In the United States, doctors are dealing with a changing landscape. Thanks to the Affordable Care Act, insurance companies are paying them for the quality of care rather than for the number of patients served. But to properly measure this requires hundreds of hours manually extracting, organizing, and reporting the data.
Able Health developed a service to automate tracking and reporting so that health care professionals can focus on delivering care to patients instead of collating paperwork.
Founded by Rachel Katz and Steve Daniels in 2015, this Y Combinator company pulls data from electronic health records (EHR) and claims, then maps the information to the quality measures each health plan reimburses. The metrics are based on contracts between physicians and insurance companies and Medicare.
“We challenged ourselves to solve something that everyone hates and used a lot of human-centered design patterns to develop it,” Katz told VentureBeat in an interview. She said that under the current system, doctors are paid based on a percentage of patients diagnosed with a specific disease or illness as determined by a lab test. Health care organizations want to know the number of people afflicted, what the acceptable level is, can patients come back for a retest, and more. The process is really complex.
Katz and Daniels previously worked in related fields, with Daniels being the design lead at IBM Watson and Katz formerly producing strategy for health care and technology companies at McKinsey. They met when they attended Brown University. Throughout their careers, they looked to find the next “hotbed of innovation” where they could “get on the ground, roll up their sleeves, study the problem, and make a difference,” Katz said. This led to them thinking about what they could do to rethink how health care can be delivered.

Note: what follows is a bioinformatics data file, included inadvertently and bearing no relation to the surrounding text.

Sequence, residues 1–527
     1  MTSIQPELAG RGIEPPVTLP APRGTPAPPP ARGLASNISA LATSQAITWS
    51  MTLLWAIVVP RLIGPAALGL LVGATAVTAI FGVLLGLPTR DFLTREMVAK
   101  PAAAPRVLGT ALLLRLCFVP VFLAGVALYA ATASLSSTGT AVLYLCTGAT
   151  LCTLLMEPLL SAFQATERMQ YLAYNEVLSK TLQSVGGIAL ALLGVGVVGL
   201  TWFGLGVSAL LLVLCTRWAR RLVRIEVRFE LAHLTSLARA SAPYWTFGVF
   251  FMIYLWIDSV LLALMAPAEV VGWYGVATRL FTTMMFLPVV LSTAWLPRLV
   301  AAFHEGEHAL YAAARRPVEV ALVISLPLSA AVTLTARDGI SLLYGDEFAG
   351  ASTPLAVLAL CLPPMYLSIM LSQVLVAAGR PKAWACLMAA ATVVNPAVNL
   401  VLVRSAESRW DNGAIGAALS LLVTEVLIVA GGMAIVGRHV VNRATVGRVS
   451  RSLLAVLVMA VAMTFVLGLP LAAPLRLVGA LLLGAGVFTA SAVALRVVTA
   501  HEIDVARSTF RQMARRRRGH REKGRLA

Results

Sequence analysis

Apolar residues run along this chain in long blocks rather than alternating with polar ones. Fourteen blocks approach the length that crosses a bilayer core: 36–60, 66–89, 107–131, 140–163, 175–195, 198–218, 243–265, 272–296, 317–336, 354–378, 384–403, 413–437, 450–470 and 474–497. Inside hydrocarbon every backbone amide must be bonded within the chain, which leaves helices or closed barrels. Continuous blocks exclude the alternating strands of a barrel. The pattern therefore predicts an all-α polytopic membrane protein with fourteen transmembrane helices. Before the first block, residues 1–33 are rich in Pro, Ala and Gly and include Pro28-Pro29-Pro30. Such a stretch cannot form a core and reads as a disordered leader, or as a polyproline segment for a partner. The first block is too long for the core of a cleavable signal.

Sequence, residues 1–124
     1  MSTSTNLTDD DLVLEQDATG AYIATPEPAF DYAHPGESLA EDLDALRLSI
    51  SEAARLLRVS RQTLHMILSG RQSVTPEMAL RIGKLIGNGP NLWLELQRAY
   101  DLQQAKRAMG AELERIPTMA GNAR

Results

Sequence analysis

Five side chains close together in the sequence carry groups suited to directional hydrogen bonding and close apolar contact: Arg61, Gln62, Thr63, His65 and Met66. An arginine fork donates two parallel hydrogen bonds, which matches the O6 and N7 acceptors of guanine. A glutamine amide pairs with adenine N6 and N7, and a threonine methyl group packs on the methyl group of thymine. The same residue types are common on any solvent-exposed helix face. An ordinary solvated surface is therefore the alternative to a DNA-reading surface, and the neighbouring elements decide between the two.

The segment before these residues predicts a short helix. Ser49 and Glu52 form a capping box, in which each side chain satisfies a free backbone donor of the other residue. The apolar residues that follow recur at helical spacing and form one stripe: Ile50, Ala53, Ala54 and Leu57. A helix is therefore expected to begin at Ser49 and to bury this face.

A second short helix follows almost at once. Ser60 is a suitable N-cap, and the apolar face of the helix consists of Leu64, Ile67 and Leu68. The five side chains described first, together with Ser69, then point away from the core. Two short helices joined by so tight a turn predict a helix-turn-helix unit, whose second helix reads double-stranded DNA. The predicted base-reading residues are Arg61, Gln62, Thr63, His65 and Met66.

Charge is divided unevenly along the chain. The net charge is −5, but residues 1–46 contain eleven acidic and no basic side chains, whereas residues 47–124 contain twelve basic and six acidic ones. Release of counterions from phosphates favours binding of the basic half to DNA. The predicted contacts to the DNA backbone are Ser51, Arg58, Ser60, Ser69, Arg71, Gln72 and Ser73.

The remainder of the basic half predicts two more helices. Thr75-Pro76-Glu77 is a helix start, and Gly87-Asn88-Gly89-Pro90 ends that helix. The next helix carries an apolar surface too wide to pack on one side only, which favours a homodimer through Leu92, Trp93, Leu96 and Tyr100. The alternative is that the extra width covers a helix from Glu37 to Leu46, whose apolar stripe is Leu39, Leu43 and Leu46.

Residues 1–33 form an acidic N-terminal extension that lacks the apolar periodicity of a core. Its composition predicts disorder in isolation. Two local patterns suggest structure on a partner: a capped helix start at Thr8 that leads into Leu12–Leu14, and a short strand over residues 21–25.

“What we’re doing is bringing what you commonly see in Silicon Valley startups — agile product development, user-centric design, and building cloud-based applications — to this industry that doesn’t get this influence,” Katz explained. “We strongly believe that these practices will seep into health care. We’re excited to bring this approach to the world.”
Able Health believes its service will accomplish five things: Consolidate all the pattern data, pulling it from health records and claims in order to calculate how much money is captured; track performance by contract with different insurance companies and how it stands up against “measures that matter”; simplify reporting out to insurance companies, thereby preventing the annual headache administrators deal with; provide information to clinicians who just want an overview about how they can help patients; and deliver feedback to everyone, which will hopefully motivate physicians and clinic manager to improve performance.
The company deployed a pilot program over the summer in Louisiana with a small practice. It also has signed an independent practice association that has over 200 providers across San Francisco, spanning 45,000 patients in the network.
The hope is that in a year, Able Health will have a solid data outcome that it can show as proof that its model works. The team wants to touch as many administrators in health care as possible in order to ease the transition from the previous payment model to one around quality care. “If we do our job, people will actually say they don’t mind quality reporting, as opposed to what’s happening now,” Katz remarked.
Able Health has raised an undisclosed amount of funding.